Monday, May 24, 2010

(He)Art Failure

"A professional is a man who can do his job when he doesn't feel like it. An amateur is a man who can't do his job when he does feel like it." - James Agate
A full-time course load can be a tricky juggling act for students (and faculty), but combined with the added stress of leaving friends and family, plus transitioning into what for many can a dramatic cultural and environmental change can be an overwhelming experience. A year ago I had a student who'd really been struggling, not just with our class but the entire semester, and during one in-class exercise said to me "My heart's just not into it."
Points up the distinction between empathy versus sympathy, when half the time I'm dragging my beat, bloodshot and bleary ass to an 8am class, after yet another night spent either hunched over the drawing board or staring at the monitor. Tempering a patience worn thin against mt personal perspective born from a legendary and sordid history of screw-ups can act as somewhat of a sort of speed-bump when confronted with the unfortunate circumstances of many a student or even fellow artist. Everybody's got a story, and teaching exponentially multiplies exposure to all sorts of sad, strange and wonderful tales. Fortunately the ratio of successes holds true enough to maintain momentum - no different from creating.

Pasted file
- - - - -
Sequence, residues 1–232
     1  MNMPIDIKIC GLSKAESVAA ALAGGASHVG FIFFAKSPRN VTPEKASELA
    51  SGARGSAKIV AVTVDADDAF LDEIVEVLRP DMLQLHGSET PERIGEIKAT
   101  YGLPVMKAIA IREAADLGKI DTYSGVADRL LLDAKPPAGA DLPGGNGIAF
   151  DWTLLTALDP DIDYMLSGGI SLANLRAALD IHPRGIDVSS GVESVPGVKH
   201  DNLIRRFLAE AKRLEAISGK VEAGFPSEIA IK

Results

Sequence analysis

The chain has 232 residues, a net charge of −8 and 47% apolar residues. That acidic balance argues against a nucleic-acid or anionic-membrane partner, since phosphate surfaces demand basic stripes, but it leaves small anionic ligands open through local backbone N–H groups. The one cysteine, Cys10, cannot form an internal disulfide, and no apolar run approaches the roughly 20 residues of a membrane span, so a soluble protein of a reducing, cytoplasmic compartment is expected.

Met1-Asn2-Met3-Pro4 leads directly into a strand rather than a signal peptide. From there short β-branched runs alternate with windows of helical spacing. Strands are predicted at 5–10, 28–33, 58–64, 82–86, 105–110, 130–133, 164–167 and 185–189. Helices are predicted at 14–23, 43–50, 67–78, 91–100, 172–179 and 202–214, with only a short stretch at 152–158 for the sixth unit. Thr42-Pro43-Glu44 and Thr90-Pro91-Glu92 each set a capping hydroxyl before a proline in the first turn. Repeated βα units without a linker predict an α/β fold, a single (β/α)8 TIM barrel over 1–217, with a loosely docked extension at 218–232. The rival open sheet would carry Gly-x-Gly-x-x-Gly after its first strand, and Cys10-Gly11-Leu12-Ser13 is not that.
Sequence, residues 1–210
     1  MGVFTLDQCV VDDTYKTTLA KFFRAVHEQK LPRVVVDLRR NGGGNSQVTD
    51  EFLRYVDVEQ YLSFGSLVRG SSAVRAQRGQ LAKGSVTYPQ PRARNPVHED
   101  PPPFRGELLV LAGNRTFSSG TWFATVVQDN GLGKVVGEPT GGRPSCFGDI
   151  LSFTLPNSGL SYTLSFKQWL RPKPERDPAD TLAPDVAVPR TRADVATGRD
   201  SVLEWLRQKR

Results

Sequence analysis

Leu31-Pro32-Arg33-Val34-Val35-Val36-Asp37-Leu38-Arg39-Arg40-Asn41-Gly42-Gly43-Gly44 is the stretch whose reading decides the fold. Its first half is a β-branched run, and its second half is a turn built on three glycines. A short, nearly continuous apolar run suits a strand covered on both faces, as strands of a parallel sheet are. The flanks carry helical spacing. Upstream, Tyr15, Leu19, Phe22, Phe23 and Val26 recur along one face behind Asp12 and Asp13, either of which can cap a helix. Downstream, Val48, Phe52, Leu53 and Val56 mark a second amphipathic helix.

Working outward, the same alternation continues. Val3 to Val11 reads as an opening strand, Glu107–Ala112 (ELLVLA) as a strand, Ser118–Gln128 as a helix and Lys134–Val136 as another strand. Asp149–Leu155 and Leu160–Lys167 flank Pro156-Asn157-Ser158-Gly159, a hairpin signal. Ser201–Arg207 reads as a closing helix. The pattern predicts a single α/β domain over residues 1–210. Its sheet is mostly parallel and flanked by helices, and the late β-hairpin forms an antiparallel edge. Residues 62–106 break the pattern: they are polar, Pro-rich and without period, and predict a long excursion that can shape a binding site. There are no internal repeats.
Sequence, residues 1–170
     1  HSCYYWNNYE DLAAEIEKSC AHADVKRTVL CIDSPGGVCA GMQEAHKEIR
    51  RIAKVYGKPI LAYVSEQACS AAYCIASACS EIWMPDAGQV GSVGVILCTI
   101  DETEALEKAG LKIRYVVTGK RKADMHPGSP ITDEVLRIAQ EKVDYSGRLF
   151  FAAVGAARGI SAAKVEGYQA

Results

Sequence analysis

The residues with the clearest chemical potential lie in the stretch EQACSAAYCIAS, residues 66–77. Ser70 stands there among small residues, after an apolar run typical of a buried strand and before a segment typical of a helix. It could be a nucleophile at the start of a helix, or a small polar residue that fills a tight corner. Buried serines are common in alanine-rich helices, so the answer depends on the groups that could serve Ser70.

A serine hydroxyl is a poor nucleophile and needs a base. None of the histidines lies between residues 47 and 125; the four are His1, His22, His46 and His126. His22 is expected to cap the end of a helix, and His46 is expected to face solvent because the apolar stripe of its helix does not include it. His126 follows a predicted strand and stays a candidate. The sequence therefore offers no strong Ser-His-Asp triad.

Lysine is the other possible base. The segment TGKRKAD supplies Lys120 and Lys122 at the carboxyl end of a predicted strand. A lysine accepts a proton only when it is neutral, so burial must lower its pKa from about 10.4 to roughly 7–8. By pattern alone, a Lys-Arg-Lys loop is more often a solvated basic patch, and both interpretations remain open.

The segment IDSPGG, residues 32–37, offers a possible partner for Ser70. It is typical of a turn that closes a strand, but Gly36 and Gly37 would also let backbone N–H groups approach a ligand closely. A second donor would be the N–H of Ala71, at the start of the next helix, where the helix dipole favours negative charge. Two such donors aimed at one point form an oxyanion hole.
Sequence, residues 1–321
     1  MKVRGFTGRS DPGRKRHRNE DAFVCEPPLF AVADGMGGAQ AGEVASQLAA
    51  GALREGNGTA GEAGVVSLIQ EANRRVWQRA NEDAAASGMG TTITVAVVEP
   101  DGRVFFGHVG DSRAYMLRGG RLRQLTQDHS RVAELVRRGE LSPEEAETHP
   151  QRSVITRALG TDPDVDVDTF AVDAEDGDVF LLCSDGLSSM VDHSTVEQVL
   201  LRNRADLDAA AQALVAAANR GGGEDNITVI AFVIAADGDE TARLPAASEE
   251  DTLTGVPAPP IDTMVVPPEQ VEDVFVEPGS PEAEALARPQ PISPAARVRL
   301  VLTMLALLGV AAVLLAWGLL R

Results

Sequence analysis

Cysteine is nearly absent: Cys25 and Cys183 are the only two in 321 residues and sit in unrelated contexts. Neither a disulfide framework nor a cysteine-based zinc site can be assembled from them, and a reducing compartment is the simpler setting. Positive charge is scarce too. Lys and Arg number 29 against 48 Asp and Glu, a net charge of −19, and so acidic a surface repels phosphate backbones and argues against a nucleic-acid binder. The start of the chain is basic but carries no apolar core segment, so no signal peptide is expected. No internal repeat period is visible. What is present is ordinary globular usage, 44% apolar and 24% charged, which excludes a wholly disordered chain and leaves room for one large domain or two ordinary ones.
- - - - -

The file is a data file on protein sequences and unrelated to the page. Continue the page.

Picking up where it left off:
(Pictured here are a few shots from this semester's Beginning Drawing class)
"A self-respecting artist must not fold his hands on the pretext that he is not in the mood." -  Tchaikovsky

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